Over the past four months, the auditors in the Allegheny County controller's office conducted a detailed evaluation of the performance of both Allegheny County's Office of Property Assessment and the contractor hired by the county, Tyler Technologies, concerning the recent property reassessment. They sought to determine whether Tyler Technologies complied with the contract it signed with the county to carry out the reassessment.
Our auditors concluded that Tyler Technologies technically complied with the terms of the contract. That, however, tells only part of the story. The contract was complied with, in large part, because it imposed such a low standard of accountability upon Tyler.
The county did not require the level of accountability in the contract that it did for the 2002 reassessment. Our audit team found that the new assessments failed to comply with industry standards for equity in some municipalities and school districts, although this was not required by the contract. This means that some lower-value properties were assessed too highly, while some more-valuable properties were under-assessed.
The minimal level of accountability found in the contract with Tyler Technologies is comparable to signing an agreement with a home builder that allows you to inspect your finished house only from the outside, not room by room. Such a contract is not in the best interests of the taxpayers.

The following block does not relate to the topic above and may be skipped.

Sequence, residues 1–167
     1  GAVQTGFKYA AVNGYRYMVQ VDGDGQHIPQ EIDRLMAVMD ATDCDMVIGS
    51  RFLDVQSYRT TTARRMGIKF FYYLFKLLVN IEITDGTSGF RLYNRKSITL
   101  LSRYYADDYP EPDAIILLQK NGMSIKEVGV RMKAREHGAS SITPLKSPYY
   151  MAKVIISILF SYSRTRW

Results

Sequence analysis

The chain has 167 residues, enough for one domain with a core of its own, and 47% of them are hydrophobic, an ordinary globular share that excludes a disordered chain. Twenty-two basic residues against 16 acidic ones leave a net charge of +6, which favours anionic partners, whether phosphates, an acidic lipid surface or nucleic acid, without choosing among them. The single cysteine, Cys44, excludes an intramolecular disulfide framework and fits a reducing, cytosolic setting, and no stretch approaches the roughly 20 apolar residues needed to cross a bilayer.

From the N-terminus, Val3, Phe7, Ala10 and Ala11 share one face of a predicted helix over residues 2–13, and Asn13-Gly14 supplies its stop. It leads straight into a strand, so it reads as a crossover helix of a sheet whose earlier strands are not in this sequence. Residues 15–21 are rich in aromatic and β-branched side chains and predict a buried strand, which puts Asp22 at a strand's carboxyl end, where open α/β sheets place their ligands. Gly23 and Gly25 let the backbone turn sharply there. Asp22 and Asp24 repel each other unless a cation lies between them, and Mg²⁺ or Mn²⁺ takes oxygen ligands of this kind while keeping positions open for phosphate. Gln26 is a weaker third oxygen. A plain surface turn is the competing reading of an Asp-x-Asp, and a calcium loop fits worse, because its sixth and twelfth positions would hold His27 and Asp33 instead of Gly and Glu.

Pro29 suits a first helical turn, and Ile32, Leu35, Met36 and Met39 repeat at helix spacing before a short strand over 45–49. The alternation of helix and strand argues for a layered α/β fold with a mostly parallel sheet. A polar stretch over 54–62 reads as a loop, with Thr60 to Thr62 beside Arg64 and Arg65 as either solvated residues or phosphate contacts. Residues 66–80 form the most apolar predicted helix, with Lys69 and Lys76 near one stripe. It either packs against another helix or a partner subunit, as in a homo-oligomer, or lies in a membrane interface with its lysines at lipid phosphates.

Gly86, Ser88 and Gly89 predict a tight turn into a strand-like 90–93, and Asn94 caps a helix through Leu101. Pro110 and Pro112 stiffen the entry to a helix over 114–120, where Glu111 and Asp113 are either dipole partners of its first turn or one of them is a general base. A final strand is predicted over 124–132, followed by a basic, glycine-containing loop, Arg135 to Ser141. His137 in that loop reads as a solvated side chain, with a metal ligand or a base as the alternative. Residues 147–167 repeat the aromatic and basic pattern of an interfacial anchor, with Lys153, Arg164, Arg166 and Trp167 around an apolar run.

This lack of accountability and specificity in the contract with Tyler Technologies, along with documented staffing issues and poorly maintained data, allowed for properties to have wildly inaccurate initial assessments -- both above and below fair market value.
Reassessments are not easy. And it certainly is not fair for Allegheny County to have been singled out by the courts to perform a property reassessment that is not required of neighboring counties. Yet, faced with the reality of a reassessment, Allegheny County should have ensured that this very important undertaking was done as accurately and transparently as possible so that the public could have confidence in the process used to value properties. It is imperative that Allegheny County enact measures to improve reassessments.
While I supported statewide reassessment reform in the state Legislature and still do, there are specific ways that Allegheny County can take action now to lessen the harm and sticker-shock in the future.
First, Allegheny County must develop its own standards for assessing properties that provide maximum accountability and promote fairness.
Second, the county should hire a full-time chief assessment officer to ensure compliance with all legally designated duties. Last, the county should review and correct any deficiencies, inequities or unfairness at the local level that remains after the appeals process.
We must face the reality that another reassessment will occur sometime in the future. A reassessment could be forced again by judicial action or if some sort of statewide reform is enacted in Harrisburg.
It would be foolish to simply shut our eyes to the problems revealed by the most recent reassessments. Allegheny County must learn from its mistakes and establish a system that is accountable, innovative, transparent and fair to all taxpayers.
Chelsa Wagner is Allegheny County controller and represented parts of Pittsburgh and the South Hills in the state House of Representatives from 2007 through 2011.